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    When I was a kid in San Antonio we had some neighbors across the street that we spent a lot of time with. They had no kids and seemed eager to help my parents with the five of us. Anyway, Aunt Tent as we called her kept her house spotless. She had beautiful furniture and white carpeting. All of her furniture was covered in some kind of plastic shrink wrap and the carpets had plastic runners. We had to stay on the runners at all times which was really hard because it put the candy bowl out of reach. Going to their house had a tremendous influence on me. I knew I never wanted my house to be like that. I wanted people to feel comfortable when they came to visit me and not feel like they were walking into a museum. To this day I feel like a home should be lived in and used. Rugs and floors are meant to be walked on, chairs and sofas for sitting, etc. Don't get me wrong, I don't mind when people ask me to remove my shoes when I get to their house but it is an indication things could get uncomfortable.
     
  14. Sonny58

    Sonny58 Senior member

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    We are the same... cleaning ladies come once a week and vacuum up all the hair, re-arrange the dust and change the linens.
     
  15. james_timothy

    james_timothy Senior member

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    This is clearly just a projection. It means nothing of the sort.

    Now on to the whack-a-mole program.


    Pretty much the entire United States? No. Yet another projection of the local onto the global.

    Parochialism: for example, this just said the Hawaii isn't part of the United States, because its customs are so foreign.

    "Saying it would be rude" is a local social norm. That doesn't mean that any given pretentious clean freak saying it isn't rude, but as a general rule it is merely a local tradition.


    Cool. There is hope of the parochialism going the way of the dodo: preserved in museums and academia, discussed nostalgically, and with various mad scientists trying to bring it back.
     
    Last edited: Aug 29, 2011
  16. NotDickDiver

    NotDickDiver Well-Known Member

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    American ignorance. Priceless.

    I would advice you to invest more money in traveling.

    Actually, stop caring about clothes and spend all your time traveling.

    Altghough it did not change George W´s life, I´m pretty sure it will do wonders for yours.
     
  17. Achilles_

    Achilles_ Senior member

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    You do realize this is style forum not travel forum right? I agree that just about anyone would be better for traveling to other countries and seeing other cultures. But I would say the same to you as it is very evident that you never learned tact or manners.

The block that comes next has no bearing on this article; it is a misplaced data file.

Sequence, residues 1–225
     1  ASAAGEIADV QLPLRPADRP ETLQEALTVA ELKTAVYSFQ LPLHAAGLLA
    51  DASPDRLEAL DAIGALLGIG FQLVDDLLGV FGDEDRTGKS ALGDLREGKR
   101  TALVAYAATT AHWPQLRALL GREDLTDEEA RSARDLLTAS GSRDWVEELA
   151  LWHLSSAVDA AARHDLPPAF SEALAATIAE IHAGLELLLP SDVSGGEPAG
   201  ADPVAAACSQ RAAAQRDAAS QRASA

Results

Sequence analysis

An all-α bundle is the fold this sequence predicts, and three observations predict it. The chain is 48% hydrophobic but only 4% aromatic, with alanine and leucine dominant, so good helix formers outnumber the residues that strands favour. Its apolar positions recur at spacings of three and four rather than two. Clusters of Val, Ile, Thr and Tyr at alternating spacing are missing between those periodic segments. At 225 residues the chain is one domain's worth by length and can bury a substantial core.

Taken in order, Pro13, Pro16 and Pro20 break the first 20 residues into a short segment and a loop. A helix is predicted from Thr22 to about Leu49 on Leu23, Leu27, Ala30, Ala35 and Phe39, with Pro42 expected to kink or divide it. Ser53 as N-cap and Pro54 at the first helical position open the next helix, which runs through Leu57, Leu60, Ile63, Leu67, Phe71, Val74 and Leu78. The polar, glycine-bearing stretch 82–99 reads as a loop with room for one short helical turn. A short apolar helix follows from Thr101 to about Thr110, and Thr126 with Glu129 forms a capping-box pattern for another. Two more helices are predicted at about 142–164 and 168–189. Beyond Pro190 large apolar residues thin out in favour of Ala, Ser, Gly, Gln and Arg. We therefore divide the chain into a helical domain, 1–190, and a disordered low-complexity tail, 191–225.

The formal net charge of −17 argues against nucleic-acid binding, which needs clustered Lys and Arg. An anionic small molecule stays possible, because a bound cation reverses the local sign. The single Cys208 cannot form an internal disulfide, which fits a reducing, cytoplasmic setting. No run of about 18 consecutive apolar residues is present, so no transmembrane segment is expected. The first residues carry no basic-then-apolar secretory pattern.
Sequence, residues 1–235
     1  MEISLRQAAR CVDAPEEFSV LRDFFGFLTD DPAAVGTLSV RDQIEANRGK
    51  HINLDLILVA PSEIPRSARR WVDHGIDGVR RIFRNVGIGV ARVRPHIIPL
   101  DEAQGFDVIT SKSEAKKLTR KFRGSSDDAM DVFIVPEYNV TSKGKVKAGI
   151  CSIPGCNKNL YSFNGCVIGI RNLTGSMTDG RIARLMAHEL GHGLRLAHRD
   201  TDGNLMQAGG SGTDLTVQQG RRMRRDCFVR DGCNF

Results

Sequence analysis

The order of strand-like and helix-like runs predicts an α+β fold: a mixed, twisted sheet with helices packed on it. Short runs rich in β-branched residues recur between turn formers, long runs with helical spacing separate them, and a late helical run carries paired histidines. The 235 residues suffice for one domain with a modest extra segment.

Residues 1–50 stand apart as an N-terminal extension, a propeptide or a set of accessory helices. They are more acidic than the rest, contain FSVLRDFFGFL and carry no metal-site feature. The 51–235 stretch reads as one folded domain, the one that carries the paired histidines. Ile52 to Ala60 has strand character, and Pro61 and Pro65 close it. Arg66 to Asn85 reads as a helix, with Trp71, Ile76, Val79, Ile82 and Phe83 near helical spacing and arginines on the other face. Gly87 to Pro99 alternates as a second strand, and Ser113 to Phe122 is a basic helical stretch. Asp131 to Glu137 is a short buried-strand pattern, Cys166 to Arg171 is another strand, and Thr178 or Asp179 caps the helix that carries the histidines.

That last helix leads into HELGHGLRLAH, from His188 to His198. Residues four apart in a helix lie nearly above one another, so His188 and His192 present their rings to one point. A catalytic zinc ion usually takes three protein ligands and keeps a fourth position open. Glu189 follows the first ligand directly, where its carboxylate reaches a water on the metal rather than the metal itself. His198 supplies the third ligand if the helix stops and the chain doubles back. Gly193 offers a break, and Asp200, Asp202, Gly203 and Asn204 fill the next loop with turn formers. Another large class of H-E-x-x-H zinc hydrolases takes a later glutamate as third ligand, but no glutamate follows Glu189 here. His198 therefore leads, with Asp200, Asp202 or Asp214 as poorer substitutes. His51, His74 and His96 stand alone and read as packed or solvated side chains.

1 person likes this.
  18. HomerJ

    HomerJ Senior member

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    Hm, I had not considered that point of view before. Also interesting to hear from the many N. Europeans who take their shoes off. Did not know that.

    Coming from an Asian family, wearing shoes inside the home was as you say just not done irrespective of flooring. Social gatherings with other Asians meant an inelegant pile of shoes at the entry. These guests would often sit on the floor cross legged or sideways with their feet under themselves. If you wore shoes while sitting this way, your soles would rub on yours or someone else's clothing. I've noticed that non-Asian Americans are more likely to stand at parties than Asians or Asian Americans. Very few will sit on the floor in this way. Asians would still take their shoes off regardless of seating arrangement but it's just something that occurred to me now. Sitting on the floor also means the floor needs to be as clean as furniture and we don't put our shoes on furniture right.

    Now my mom has OCD and takes it to an extreme in her home. She has her dog wear shoes outside. After a quick trip outside without dog shoes I've seen her wipe her dogs paws with a damp cloth. :alien:

    So this thread again, same time next year?
     
    Last edited: Aug 29, 2011
  19. james_timothy

    james_timothy Senior member

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    I'll bring the wine. It'll be a party.
     
  20. bringusingoodale

    bringusingoodale Senior member

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    Was fun thread; learned a lot, but I am unsubscribing from the thread.